I forgot to add that Supers were constructed of all SL tubes, or some SP tubes in larger sizes.
Marc Boral wrote:
> Hi Dale and CR,
> Most of my knowledge about earlier Colnagos comes from older Colnago literature,
> but some comes from having 25-30 Colnagos in my collection :-). So assuming the
> literature is correct, here is little info about Mexico vs. Super.
> Mexico framesets first appeared in '75/'76. They were constructed of Columbus
> Record & SL tubing. My early catalog refers to "4/10 Record". This refers to
> the 10 tubes used to make a frameset, not including the steerer. I assume it
> means that four tubes are Record, and the rest are SL. The problem is that the
> catalog doesn't refer to which tubes are the Record tubes. Columbus catalogs
> spec the Record tube set to have all different tubes from the SL set, except for
> the fork blades, those are the same 0.9 mm. So this means that there can
> potentially be eight Record tubes in a frame. Did Colnago use four Record tubes
> to make up the main triangle/head, or was Record used for all the stays? I don't
> know. I do know that many people complain about the whippiness of Mexico frames
> in larger sizes. But that is the sacrifice one must expect from using ultra
> light tubing. Columbus intended Record tubing to used in record attempts on the
> track, not in a road bike. By the way, here are the weights of a complete Record
> tubeset (1650 gr.) and complete SL tubeset (2065 gr.) On a personal note, one of
> reasons I love to collect Colnagos is because Ernesto put out so many different
> professional models, primarily in the '80s.
> Mexicos and Supers of this vintage are virtually impossible to tell apart. They
> both received the same lugwork and details. The only cosmetic distinguishing
> feature was the chainstay decal. Mexicos got the "Colnago Mexico" decal, while
> the Super got the "Colnago Super" decal.
> In the early '80s, the Mexico incorporated a drawn top tube and down tube. This
> Mexico is refereed to as the Nuovo Mexico. Not everyone attaches the "Nuovo" to
> this Mexico. Even Colnago literature is inconsistent with using "Nuovo" every
> time. That is why there is a lot of confusion when attempting to read/talk about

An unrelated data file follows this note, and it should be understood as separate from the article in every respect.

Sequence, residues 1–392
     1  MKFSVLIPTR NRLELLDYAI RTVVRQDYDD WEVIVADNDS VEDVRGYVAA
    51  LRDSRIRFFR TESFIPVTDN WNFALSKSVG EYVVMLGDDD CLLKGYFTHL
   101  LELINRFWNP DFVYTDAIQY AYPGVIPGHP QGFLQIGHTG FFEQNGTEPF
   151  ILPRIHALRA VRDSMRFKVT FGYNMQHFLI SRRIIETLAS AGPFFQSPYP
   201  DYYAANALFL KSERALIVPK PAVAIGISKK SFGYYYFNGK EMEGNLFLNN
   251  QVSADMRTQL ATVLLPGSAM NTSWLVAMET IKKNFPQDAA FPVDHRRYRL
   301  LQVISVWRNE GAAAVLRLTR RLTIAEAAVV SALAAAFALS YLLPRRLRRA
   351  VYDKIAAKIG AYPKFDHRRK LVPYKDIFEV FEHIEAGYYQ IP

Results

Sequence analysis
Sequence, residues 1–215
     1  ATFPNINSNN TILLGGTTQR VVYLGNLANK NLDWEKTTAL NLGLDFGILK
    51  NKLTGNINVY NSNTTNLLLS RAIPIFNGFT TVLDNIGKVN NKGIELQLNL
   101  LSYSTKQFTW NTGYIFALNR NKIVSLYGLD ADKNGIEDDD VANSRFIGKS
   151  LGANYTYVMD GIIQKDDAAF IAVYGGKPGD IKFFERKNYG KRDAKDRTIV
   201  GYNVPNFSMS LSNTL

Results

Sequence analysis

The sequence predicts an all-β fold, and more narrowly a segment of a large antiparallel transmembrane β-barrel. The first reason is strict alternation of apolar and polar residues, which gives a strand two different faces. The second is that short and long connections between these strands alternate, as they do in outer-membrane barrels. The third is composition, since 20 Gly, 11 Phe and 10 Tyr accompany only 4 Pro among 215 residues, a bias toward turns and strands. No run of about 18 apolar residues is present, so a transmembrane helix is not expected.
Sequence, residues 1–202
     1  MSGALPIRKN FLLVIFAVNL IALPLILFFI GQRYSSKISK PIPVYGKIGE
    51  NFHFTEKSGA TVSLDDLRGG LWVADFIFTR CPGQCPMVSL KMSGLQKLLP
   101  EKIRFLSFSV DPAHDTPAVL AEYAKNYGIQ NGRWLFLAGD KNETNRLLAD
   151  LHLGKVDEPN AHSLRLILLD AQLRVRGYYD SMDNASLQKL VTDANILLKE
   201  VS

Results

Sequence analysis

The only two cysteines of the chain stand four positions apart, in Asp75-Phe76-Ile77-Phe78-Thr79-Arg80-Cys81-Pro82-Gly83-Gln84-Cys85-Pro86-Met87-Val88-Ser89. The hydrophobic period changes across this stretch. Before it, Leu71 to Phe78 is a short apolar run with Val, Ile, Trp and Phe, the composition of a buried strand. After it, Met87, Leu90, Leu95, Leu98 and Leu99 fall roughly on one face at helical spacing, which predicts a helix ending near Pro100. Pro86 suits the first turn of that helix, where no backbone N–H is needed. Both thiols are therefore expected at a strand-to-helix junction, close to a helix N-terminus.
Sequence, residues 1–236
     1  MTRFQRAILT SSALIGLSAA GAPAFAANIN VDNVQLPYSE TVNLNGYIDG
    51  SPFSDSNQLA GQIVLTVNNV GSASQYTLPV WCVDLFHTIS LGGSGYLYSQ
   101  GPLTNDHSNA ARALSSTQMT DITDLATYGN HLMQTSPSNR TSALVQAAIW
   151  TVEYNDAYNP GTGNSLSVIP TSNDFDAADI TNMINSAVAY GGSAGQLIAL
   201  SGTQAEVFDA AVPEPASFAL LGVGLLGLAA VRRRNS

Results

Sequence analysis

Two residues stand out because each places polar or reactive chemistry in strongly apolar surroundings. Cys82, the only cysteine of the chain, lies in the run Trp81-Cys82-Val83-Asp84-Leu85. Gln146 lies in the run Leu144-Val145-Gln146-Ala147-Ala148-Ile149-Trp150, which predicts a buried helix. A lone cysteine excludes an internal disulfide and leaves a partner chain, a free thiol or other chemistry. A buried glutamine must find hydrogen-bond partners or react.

> Mexicos in general.
> According to Colnago literature, some of the models that came with the blend of
> Record & SL tubing are: Mexico, Nuovo Mexico, Profile CX, Profile, Arabesque.
> Marc Boral
> OROBOYZ@aol.com wrote:
> > In a message dated 10/16/00 7:36:39 AM Eastern Daylight Time,
> > firstname.lastname@example.org writes:
> > << I meant to say that there were some called the "Mexico" that were of
> > questionable quality. I guess some of the "Supers" were also poorly made. I
> > wonder why they varied so much? >>
> > I think that in the late 1970s and early 1980s, Ernesto Colnago's genius for
> > marketing and sales pushed him to farm out a lot of production and some was
> > shoddy.
> > I think that the Super was the model most likely to be loose in quality.
> > Those came in the USA in droves to the mail order houses and to any start-up
> > importer with money. This is the same time frame in which serial numbers
> > were not even used ... De la Rosa and Kolin referred to this "farming out"
> > situation by Colnago in the preface of The Custom Bicycle Book, using that as
> > a reason to eliminate him from the book.
> > Genuine "Mexico" models, alleged to be made of super light Columbus "Record"
> > (straight gauge!) and "KL" (butted), were most likely built in Ernesto's
> > workshop. These "real" Mexico bikes were usually very good. Also confusing
> > this issue was Colnago's tendency to slap decals on any Colnago with
> > references to the Mexico Hour Record. It is sometimes tough to know which
> > model Colnago you actually have.
> > I would bet Marc Boral knows a lot about this. What do you say, Marc......?
> > Dale Brown